Here's How (and How Not) to Celebrate the Death of the Butcher of Tehran

Pavel Bednyakov, Sputnik, Kremlin Pool Photo via AP

Iranian strongman Ebrahim Raisi — aka "the butcher of Tehran" — is dead in a Sunday helicopter crash that his countrymen and women are celebrating, so now would be the perfect time for the New York Times to avoid interviewing the Iranian dissident he tried to have assassinated.


Wait, what?

Raisi was "elected" president in 2021 after decades of coming up through the bloody ranks of Iran's hardcore Shiite Muslim theocracy. He earned the "butcher" moniker for his part on the 1988 "death committee" that quickly sentenced more than 5,000 dissidents to death — and just as quickly had them killed. Dissidents reckon that Raisi is directly responsible for the deaths of around 30,000 Iranians.

Masih Alinejad is a 47-year-old Iranian-born American journalist who has spent the last 20-plus years reporting on Iran's endless human rights abuses, particularly against women. The regime has tried to kill her on multiple occasions, the most recent in 2022. She also avoided a kidnapping plot in 2021.

Farnaz Fassihi is another Iranian-American journalist, but it would be fair to call her a "regime lackey" instead. She's the New York Times United Nations bureau chief and also writes about Iran. As such, whatever else the New York Times reports on Raisi's death, Fassihi doesn't want anyone speaking to Alinejad about it — and she was caught on audio posted to X (formerly Twitter).


"This media has been disabled in response to a report by the copyright owner."

One question is whether an office meeting is really copyrighted material. Another question is why X honored the iffy-at-best DMCA takedown request. The New York Times has yet to correct or retract Fassihi's 2023 story that Raisi had eliminated the so-called "Morality Police," which continues to beat, jail, and murder women for "crimes" like refusing to cover themselves in public with a hijab.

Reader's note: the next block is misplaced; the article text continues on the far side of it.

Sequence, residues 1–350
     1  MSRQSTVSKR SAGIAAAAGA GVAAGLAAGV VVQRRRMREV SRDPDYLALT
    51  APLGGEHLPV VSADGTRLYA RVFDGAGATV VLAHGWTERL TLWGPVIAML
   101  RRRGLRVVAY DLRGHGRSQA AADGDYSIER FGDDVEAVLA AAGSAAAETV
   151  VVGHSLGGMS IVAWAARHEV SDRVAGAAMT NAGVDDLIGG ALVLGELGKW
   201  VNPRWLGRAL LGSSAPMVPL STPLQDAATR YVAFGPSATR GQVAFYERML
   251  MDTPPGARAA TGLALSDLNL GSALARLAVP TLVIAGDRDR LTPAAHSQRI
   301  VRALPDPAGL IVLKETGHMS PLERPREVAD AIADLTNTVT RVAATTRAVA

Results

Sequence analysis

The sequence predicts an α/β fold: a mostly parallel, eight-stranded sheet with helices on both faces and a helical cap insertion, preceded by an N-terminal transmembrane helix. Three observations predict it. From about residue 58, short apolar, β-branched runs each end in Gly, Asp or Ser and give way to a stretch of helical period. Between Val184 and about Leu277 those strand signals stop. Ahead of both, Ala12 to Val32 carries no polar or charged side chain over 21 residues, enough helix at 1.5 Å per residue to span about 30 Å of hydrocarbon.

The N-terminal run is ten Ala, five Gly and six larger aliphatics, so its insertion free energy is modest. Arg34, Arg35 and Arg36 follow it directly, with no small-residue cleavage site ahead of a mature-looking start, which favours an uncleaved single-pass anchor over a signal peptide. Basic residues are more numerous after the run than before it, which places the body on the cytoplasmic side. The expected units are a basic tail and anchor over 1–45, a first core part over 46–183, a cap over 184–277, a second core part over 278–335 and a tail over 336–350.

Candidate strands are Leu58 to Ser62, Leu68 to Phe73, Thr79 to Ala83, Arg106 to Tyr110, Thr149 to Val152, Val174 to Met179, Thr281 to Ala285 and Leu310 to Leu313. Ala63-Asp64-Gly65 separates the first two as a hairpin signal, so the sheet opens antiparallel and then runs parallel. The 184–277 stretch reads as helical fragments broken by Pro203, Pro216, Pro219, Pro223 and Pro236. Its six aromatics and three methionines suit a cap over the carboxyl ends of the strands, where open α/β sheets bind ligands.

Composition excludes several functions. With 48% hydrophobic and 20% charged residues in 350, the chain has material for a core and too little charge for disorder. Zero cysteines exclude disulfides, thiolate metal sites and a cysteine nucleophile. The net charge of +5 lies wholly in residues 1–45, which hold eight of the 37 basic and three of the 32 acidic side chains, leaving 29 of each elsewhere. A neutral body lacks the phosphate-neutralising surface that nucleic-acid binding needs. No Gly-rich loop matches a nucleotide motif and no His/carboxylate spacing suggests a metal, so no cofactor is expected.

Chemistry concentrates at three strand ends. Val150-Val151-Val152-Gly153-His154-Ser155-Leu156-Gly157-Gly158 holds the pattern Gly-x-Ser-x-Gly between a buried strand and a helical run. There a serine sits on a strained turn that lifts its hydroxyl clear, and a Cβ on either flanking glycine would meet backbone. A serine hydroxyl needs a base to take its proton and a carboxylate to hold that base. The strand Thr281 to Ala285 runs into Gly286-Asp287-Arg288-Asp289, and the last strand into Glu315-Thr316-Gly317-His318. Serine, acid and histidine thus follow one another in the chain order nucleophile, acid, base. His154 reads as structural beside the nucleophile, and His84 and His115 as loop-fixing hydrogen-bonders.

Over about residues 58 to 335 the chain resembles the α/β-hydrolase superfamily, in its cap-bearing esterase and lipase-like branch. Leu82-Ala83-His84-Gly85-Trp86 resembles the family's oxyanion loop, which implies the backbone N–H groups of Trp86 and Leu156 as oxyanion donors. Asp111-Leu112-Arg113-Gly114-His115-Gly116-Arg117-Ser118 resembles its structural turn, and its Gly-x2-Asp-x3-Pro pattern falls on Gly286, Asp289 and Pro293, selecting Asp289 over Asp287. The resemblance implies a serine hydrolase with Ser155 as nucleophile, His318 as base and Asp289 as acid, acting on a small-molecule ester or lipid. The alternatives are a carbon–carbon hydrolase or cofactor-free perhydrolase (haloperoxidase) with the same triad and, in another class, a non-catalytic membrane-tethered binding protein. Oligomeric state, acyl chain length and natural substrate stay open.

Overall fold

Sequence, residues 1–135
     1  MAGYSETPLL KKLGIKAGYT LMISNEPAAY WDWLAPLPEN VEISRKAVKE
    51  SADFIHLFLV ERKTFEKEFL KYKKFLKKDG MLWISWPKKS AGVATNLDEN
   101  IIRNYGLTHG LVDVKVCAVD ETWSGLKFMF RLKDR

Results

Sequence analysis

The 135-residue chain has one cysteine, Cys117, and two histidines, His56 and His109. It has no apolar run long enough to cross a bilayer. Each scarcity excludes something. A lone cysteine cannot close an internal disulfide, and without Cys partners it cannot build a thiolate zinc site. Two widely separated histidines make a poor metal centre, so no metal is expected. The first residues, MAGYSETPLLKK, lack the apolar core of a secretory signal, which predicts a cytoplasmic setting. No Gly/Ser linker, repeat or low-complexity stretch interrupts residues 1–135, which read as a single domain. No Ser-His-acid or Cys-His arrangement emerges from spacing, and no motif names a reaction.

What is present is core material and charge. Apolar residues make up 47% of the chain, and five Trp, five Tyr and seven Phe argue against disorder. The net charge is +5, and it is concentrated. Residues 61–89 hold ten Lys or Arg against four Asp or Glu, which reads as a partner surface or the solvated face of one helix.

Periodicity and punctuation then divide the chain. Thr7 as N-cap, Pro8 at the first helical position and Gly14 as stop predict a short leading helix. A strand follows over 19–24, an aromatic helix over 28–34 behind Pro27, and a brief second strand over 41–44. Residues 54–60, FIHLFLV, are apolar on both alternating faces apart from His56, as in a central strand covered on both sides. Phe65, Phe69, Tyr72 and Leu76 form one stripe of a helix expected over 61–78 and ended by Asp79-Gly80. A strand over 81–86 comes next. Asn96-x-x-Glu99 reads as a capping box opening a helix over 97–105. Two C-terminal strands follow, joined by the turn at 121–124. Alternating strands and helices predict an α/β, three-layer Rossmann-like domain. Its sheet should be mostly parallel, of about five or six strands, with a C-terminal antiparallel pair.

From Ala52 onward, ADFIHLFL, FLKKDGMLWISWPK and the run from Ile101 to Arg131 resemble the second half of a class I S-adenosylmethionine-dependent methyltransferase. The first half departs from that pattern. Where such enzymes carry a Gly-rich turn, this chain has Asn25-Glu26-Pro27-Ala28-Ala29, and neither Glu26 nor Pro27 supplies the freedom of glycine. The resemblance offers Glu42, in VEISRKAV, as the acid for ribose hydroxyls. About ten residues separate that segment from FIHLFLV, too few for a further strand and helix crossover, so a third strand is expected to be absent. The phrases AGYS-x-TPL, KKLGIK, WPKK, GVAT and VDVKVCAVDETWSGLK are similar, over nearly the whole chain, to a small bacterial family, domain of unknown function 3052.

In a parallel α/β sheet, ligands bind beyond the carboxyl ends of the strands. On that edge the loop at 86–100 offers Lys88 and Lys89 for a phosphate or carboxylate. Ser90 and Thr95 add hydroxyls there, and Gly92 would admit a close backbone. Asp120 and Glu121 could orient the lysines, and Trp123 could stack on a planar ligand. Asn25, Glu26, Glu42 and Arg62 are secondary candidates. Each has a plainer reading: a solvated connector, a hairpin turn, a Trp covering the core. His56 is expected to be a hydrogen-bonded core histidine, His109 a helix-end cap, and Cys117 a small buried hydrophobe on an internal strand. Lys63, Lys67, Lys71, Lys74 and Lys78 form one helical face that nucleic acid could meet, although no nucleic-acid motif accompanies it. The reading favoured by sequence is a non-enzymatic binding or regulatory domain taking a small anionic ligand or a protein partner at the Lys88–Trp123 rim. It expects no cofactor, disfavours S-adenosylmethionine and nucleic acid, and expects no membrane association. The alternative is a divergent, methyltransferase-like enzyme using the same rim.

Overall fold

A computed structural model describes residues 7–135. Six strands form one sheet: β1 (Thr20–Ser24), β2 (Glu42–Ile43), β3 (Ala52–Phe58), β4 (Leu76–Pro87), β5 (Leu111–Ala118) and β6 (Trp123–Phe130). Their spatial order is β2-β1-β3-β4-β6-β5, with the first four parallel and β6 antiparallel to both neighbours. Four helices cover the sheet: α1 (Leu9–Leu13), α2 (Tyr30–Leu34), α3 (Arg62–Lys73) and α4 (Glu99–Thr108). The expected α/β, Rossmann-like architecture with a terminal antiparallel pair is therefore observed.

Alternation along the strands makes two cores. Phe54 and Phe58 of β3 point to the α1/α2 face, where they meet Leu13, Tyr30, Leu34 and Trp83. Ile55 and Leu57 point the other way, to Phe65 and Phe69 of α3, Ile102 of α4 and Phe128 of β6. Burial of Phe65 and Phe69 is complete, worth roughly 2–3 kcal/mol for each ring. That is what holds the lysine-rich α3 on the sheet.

On a day like this, I'd certainly like to know what Alinejad has to say about Raisi's death, and NYT readers deserve to know for a change. The most recent NYT story featuring Alinejad is from February. 

But if the New York Times is guilty of a sin of omission (among many others, I know), how about this official response from Brussels?

Et tu, NATO?

And the Biden State Department, naturally.


Meanwhile, in Iran...

The death of a tyrant ought to be celebrated, and since I can't join those lovely ladies in Iran, I'd like to celebrate with David Burge.

It isn't like me to wish ill on someone or to say horrible things about them right after their violent death, but Raisi earned it. Whatever happens next in the confusion, let's hope the people of Iran can make the most of it. 

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